By: Andrew Roberts
This election, like every other presidential election, came down to math. It was decided by simple addition, with Barack Obama gaining more than the 270 Electoral College votes necessary to win the White House. Months prior to November 6, the two campaigns, media, and pundits had largely agreed which candidate the majority of the 50 states would vote for and thus would receive their electoral votes. As all strong-Democratic and Democratic-leaning states (including Pennsylvania) voted for President Obama, he received 243 electoral votes from these blue states. Similarly, as all strong-Republican and leaning-Republican states (including North Carolina) voted for Governor Romney, he received 206 electoral votes from those red states. This left 89 electoral votes from seven states to be split between the two candidates. As both Obama and Romney were shy of the necessary 270 votes, the remaining seven swing states – Nevada, Colorado, Iowa,
Ohio, Florida, Virginia, and New Hampshire – decided the election. By the end of election night, all of these swing states had been called for the President except Florida, in which polls showed Obama with a thin lead.
The candidates used a number of different strategies in these seven states to sway voters, and in some the President managed by razor-slim margins to carry the entire state. Three of the these – Florida, Virginia, and Ohio – drew the most attention from both candidates, as the two campaigns understood that these large states, with a collective 60 electoral votes, would be critical for victory. These three states, arguably the most important in the 2012 election, allowed the two candidates to present the points of their platform, to appeal to a number of different demographics, and to talk about a wide array of issues.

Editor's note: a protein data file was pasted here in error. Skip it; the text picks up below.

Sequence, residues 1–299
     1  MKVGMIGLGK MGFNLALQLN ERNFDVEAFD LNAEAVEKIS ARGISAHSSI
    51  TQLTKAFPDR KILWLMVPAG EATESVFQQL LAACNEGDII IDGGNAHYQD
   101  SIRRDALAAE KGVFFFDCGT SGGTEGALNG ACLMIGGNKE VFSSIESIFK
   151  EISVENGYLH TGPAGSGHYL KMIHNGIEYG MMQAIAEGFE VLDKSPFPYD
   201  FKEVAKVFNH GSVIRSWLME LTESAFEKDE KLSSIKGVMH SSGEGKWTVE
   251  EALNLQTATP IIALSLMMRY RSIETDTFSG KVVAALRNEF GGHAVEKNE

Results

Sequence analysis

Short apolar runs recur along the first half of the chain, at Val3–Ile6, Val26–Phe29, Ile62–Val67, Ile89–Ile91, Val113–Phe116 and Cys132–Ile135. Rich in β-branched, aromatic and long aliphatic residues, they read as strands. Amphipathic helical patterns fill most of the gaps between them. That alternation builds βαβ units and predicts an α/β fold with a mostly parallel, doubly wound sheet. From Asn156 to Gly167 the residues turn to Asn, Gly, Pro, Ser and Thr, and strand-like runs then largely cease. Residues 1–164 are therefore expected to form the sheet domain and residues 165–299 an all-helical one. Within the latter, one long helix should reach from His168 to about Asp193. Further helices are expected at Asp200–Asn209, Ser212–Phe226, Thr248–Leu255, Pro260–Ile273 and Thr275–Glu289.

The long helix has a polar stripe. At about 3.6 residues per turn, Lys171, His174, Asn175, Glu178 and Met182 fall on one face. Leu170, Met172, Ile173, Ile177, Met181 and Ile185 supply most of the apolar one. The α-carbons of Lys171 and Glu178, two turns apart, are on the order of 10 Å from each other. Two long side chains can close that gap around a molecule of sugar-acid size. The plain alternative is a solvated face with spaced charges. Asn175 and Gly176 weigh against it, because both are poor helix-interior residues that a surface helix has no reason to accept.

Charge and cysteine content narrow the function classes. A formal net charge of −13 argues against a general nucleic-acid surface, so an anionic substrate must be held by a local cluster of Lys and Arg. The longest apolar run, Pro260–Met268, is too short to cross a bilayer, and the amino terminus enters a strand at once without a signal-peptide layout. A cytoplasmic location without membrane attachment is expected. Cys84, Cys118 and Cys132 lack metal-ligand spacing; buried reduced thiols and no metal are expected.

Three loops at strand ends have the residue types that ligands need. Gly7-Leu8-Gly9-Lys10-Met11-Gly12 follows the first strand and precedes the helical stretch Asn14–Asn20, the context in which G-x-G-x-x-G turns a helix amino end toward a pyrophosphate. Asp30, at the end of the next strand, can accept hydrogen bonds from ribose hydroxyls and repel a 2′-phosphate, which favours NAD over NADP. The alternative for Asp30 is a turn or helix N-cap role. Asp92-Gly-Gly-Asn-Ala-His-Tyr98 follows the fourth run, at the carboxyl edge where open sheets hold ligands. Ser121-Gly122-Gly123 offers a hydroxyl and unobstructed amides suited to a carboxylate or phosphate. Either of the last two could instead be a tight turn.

Florida – 29 Electoral College Votes
On Election Day, the RealClearPolitics polling average had Romney with a 1.5 point lead in Florida. Despite this small advantage, Obama lead in the state, 49.8 to 49.3%, with 100% of precincts reporting the next day. Florida was a critical state for Romney to win, because losing it gave a guaranteed win to the President. It has the most electoral votes – 29 – of all of the swing states, and its controversy in the 2000 election, when Gore won the popular vote but lost Florida’s electoral votes, still places it in the national spotlight. The number of times the candidates visited the Sunshine State indicates its importance: Since June 2012, Obama visited 26 times, Biden visited 17, Romney visited 38, and Ryan visited 8 times. The amount of money spent on advertising in Florida was near $170 million, with the Obama group spending $77 million and the Romney group spending $93 million. Romney gained the support of Governor Rick Scott and Senator Marco Rubio, while former Governor Charlie Christ campaigned for Obama.